Colonoscopies and Spiritoscopies

July 27, 2017

This week I had a colonoscopy. Colon cancer kills about 50,000 persons a year in the US. More widespread screening has decreased those deaths significantly in recent years.

During my colonoscopy, I was put under a general anesthetic while the doctor inserted a scope into my colon, looking for any abnormalities. Polyps are growths on the walls of the colon that can become cancerous. The doctor found one small one in me, and cut it out. He then sent the tissue to be analyzed for malignancies.

The colonoscopy itself is painless. The prep – controlling one’s diet for several days, then being on a liquid diet the previous dayand drinking a substance to empty the colon the night before – is bothersome, and recovering fully from the anesthesia takes several hours. But all this certainly makes sense given the potential benefits.

Do we need something similar for our spiritual health? A “spiritoscopy,” perhaps? That is, a procedure that would delve into our spirits to pick out normally unnoticeable issues that, if left alone, will grow into deadly problems in the years ahead. A mechanism that will cut out a “root of bitterness” or anger or resentment or lust or pride when it’s still small, before it springs up, causing trouble and defiling many (Hebrews 12:15).

Guess what? God gives us such a “scope.”

What is it?

The Word of God.

The author of Hebrews tells us:

The word of God is living and active, sharper than any two-edged sword, piercing to the division of soul and of spirit, of joints and of marrow, and discerning the thoughts and intentions of the heart.  And no creature is hidden from his sight, but all are naked and exposed to the eyes of him to whom we must give account. (Hebrews 4:12-13)

When we sit under the Word of God, submitting ourselves to it – whether in personal reading, in preaching, or in teaching – that living and active Word cuts into us, laying our thoughts bare, exposing us and convicting us. In this way I have a “spiritoscopy” every day – going to the Word, praying for God to show me “any grievous way in me” (Psalm 139:24), desiring that piercing work.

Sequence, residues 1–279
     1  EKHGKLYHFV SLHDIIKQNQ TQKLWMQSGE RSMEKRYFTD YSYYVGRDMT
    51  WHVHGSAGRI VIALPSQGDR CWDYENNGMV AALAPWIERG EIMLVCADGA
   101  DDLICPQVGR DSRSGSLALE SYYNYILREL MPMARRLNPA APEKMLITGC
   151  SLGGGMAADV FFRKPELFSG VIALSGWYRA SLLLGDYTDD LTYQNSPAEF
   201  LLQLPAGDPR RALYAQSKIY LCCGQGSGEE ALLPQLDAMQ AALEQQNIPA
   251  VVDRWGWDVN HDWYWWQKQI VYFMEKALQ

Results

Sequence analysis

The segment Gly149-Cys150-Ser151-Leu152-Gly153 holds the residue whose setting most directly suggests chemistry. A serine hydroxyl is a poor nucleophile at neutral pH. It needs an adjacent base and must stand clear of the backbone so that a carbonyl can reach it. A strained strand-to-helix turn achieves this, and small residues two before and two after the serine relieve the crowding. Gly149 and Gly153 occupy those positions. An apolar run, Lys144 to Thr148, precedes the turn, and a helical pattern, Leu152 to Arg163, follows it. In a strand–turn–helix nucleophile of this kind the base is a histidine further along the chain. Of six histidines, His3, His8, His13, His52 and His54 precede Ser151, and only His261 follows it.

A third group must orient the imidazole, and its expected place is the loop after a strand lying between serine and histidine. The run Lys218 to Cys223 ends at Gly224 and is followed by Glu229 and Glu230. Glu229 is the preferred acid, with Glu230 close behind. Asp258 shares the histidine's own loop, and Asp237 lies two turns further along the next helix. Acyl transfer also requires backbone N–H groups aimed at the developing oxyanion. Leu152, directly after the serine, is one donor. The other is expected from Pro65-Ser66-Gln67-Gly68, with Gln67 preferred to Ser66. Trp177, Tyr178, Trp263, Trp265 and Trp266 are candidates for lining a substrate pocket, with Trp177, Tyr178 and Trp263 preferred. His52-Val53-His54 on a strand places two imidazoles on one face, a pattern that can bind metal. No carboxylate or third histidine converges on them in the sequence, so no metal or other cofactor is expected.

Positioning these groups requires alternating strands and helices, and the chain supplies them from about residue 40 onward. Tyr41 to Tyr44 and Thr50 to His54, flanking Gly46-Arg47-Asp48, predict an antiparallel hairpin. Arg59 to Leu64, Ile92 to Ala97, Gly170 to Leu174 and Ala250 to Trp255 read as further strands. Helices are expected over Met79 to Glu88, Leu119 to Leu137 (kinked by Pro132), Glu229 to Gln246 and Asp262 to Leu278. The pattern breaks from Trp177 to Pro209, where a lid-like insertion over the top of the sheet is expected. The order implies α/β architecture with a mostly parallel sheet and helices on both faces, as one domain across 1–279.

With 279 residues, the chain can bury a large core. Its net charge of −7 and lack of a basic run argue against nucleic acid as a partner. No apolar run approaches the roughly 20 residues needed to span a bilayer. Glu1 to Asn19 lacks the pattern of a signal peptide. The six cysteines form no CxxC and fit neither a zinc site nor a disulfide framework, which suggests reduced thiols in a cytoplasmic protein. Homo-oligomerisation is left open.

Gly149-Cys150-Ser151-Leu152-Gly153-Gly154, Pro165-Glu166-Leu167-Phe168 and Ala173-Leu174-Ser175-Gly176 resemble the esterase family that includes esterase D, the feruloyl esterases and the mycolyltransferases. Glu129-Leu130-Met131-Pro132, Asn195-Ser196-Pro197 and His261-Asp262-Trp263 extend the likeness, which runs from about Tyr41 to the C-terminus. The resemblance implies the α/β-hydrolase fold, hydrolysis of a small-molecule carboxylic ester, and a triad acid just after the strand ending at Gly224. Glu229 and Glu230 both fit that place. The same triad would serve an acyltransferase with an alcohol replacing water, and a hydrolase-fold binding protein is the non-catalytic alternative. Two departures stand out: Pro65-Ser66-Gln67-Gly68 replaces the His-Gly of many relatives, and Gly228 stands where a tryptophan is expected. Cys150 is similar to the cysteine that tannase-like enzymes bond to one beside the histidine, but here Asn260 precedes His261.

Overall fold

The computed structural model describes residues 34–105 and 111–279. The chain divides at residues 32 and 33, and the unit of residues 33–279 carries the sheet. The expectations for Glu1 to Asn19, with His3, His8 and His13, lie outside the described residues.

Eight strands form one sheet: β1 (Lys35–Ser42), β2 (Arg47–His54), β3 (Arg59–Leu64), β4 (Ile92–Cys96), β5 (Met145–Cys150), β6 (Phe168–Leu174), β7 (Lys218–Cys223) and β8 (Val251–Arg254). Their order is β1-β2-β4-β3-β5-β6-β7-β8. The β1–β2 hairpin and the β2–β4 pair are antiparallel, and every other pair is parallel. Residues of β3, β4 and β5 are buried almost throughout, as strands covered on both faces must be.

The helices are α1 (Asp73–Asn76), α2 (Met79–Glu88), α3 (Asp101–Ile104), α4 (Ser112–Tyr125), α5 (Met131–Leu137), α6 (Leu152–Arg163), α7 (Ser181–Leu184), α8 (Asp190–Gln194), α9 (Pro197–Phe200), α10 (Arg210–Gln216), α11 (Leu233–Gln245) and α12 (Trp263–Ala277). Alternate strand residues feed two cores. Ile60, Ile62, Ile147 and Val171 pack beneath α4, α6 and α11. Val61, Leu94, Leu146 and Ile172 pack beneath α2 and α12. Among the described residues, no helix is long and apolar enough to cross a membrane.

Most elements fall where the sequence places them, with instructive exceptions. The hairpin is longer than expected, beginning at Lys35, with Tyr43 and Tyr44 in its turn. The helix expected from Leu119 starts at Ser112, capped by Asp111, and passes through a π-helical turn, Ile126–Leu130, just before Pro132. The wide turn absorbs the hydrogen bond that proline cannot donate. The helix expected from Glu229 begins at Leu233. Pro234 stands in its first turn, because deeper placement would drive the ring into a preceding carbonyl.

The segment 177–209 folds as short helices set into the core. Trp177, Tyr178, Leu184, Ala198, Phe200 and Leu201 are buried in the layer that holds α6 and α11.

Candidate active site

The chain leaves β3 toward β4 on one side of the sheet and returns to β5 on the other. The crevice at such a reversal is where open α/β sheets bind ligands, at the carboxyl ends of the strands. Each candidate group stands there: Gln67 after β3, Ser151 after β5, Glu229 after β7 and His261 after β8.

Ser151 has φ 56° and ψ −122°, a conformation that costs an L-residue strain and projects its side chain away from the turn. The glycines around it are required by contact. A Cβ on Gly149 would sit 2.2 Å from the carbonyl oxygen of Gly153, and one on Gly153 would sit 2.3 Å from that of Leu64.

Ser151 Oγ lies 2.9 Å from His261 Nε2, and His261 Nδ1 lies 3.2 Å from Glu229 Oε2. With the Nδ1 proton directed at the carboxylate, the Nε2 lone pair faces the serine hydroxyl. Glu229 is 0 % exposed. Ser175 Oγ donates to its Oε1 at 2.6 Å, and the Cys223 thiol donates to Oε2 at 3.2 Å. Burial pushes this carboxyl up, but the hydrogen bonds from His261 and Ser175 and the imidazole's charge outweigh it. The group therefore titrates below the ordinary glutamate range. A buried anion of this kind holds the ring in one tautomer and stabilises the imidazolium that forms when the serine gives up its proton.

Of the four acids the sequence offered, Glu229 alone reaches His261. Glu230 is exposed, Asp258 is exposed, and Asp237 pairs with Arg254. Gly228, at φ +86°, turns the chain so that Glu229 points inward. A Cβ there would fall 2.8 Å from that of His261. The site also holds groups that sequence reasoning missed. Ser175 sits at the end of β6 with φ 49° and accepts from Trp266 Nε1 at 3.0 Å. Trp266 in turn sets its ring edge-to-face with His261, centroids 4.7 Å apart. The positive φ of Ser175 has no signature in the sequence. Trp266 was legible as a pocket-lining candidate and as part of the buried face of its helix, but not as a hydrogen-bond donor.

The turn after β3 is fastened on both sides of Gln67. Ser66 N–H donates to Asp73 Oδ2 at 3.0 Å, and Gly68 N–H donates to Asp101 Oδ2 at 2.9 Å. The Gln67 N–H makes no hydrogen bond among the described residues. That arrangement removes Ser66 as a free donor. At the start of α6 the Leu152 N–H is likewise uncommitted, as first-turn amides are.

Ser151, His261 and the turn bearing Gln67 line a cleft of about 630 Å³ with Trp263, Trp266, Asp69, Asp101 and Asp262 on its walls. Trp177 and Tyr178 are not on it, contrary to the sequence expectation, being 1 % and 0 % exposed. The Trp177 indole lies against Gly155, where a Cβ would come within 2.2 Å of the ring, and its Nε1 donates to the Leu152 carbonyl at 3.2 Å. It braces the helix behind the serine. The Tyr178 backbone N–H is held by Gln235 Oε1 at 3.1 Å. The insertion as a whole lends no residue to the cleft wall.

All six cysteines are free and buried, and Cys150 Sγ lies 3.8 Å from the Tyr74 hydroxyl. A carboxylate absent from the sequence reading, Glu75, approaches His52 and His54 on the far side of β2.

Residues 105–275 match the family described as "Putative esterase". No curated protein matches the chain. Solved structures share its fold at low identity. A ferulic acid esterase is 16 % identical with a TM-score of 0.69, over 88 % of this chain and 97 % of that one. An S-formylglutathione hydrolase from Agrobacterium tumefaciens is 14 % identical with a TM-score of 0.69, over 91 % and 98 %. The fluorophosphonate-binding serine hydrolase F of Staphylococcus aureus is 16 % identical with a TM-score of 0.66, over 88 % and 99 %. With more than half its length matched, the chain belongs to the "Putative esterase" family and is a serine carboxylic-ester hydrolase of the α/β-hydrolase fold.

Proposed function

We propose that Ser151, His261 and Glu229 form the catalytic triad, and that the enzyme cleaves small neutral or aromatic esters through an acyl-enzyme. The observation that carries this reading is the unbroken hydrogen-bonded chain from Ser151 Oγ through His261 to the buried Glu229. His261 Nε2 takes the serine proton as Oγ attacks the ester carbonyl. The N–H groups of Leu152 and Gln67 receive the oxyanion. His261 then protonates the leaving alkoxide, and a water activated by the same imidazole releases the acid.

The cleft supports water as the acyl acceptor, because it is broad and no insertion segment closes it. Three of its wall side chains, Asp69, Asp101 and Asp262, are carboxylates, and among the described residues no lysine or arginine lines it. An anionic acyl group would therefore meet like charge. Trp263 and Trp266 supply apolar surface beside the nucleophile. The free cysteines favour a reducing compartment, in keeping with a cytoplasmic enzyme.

Praise God that the Word itself will have this effect even when we encounter it alone. But God frequently uses “physicians” to wield His “scope” – and those “physicians” are in the church body around you.

That same author tells us:

Take care, brothers, lest there be in any of you an evil, unbelieving heart, leading you to fall away from the living God. But exhort one another every day, as long as it is called “today,” that none of you may be hardened by the deceitfulness of sin. (Hebrews 3:12-13)

Notice that the command is plural, to all of us. All of us are to take care that there is no polyp (“an evil unbelieving heart”) growing in any one of us. We are to help each other to see what we can’t see for ourselves, and we are to help cut out those “polyps” when they arise. At the same time, we are to exhort, to encourage, to comfort, and to stand alongside one another, thereby helping each one to delight in Christ and to grow in faith. In this way, sin won’t deceive us and harden our hearts against God and against one another.

Such “spiritoscopies” happen on Sunday mornings, in small groups, in meeting one-on-one, in families, and in the normal course of daily life and ministry.

So when was your last “spiritoscopy”? Don’t neglect such screening. Make sure you are putting yourself in situations where they take place. It’s not always pleasant. It can seem bothersome. But “spiritoscopies” can prevent diseases much worse than colon cancer.

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